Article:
New Dreams, Old Stories, the latest release from avant-folk- jazz quartet Way North, seeks to connect the past and present of our collective human experience. Old stories acknowledging a vast musical heritage are woven together to create fresh new sounds with bold explorations, singable melodies, and even singalongs. Drawing on the musical lineages of jazz and bebop, as well as folk musics from South America and the American South, Way North’s compositions are a diverse collection of old stories to inspire new dreams and hope for society.
There’s a palpable joy in this music that comes from having recorded on the heels of a tour. The band is tight and loose, freely improvising and having fun while fully in control of the music they are playing. That they love playing together is obvious, and this feeling is contagious, drawing listeners into their love of folk musics bound by improvisation and jazz. Way North is about bringing people together and spreading uplifting music in the spirit of community. This is jazz you can dance to!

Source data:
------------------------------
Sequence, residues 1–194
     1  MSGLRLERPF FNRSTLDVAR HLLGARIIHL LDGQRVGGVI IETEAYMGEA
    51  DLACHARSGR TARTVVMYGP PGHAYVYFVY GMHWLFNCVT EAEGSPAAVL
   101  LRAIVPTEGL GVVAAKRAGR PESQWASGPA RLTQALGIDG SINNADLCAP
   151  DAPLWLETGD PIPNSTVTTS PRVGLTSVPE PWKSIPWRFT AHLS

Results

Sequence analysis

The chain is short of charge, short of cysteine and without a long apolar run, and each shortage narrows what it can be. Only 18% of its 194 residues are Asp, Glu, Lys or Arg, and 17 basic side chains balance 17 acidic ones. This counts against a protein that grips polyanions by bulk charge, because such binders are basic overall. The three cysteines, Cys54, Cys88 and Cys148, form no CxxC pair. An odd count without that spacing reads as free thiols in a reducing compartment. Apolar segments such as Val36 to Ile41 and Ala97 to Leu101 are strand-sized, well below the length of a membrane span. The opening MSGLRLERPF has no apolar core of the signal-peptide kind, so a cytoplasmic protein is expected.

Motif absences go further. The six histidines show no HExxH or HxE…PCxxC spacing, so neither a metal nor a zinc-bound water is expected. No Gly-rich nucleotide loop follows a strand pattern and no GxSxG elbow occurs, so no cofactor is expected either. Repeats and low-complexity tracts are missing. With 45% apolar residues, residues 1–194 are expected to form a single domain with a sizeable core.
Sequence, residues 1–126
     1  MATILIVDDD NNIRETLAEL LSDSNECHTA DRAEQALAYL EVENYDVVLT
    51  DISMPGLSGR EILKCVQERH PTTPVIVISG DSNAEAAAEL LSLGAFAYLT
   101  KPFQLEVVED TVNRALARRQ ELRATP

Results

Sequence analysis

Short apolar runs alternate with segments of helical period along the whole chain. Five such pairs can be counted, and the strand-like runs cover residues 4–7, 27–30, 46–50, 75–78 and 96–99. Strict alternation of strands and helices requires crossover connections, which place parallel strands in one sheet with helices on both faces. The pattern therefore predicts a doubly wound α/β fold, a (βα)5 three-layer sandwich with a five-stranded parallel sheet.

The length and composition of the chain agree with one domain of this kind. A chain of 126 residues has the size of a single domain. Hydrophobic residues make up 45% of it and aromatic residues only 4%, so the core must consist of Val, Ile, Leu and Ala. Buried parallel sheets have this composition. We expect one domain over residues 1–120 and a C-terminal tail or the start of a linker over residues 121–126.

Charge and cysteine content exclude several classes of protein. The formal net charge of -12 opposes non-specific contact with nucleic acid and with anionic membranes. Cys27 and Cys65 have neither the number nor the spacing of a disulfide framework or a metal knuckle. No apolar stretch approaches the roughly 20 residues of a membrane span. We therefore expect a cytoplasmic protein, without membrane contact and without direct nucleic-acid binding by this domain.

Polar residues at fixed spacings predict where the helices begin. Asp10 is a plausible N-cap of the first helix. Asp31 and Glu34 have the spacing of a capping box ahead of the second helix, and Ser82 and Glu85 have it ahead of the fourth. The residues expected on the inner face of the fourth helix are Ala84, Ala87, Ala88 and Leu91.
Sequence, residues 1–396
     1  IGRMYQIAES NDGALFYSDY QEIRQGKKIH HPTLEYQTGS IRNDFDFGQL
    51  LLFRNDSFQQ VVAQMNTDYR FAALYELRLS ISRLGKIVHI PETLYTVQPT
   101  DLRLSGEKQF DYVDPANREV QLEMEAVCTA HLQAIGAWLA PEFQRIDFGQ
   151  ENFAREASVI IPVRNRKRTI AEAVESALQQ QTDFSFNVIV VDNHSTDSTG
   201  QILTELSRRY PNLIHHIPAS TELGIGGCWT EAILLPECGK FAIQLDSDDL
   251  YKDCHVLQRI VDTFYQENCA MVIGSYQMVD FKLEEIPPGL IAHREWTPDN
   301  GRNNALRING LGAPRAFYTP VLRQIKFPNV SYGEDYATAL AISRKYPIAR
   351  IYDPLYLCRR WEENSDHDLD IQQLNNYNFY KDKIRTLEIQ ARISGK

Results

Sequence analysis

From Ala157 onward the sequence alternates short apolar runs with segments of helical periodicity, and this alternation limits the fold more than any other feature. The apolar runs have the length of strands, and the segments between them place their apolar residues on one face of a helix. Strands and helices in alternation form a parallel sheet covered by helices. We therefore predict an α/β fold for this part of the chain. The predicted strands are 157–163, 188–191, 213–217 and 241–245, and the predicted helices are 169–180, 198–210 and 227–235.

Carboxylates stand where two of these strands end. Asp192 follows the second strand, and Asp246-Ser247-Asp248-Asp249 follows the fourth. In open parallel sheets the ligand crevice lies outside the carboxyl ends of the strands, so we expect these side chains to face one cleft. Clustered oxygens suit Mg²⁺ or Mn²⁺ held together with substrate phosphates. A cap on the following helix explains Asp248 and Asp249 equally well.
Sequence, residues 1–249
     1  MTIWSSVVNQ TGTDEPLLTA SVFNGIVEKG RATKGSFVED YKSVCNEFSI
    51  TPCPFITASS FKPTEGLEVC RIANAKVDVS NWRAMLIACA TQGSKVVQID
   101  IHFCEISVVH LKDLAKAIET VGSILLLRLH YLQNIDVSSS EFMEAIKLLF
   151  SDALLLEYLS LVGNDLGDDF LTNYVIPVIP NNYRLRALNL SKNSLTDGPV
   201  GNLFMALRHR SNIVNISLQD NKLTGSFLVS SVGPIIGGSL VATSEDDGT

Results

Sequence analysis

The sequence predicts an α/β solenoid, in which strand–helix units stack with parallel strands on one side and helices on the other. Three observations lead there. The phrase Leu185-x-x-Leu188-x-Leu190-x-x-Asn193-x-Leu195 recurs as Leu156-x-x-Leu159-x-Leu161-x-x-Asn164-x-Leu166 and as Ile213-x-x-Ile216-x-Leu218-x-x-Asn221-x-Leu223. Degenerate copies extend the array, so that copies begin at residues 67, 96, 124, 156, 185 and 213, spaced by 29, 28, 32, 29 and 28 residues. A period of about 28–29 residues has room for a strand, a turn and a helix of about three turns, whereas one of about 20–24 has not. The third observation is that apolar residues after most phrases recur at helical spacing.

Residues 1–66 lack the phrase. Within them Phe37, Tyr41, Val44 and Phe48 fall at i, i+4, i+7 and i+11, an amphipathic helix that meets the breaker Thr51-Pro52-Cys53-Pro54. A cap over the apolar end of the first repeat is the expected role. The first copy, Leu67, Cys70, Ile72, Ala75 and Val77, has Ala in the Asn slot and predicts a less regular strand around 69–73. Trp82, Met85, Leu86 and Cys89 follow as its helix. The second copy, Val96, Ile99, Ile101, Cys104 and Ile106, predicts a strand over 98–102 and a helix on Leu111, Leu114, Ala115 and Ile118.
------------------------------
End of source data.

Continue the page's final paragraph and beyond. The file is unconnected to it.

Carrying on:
Way North is a community where all of the band members contribute music. New Dreams, Old Stories begins with Hennessy’s Play - their opener for every show - inviting the listener in with a cozy groove. Hennessy also contributed the epic and dreamy New Way Through, the hard-not-to-sing- along-to Dr Good, and co-wrote the beautiful When You Say Goodnight to Me with Herring. Second on the album is Cancura’s no-nonsense blues I’m Here to Stay. He continues the celebration of sound with the title track, New Dreams, Old Stories and also contributed the low-down and dirty Lonely Hearts. Herring’s first composition on the album is the avant- bop Château Gonflable. His other compositions include the gorgeous bass feature If Charlie Haden couldn’t write a song to bring world peace, what hope is there for me? and the ever so fun and groovy sing-along Come Over to Our House. Barshay shares with you the Venezuelan musical story Pajarillo Verde (Green Parrot) and also contributes a unique signature arrangement of the great Jackie McLean composition Dig.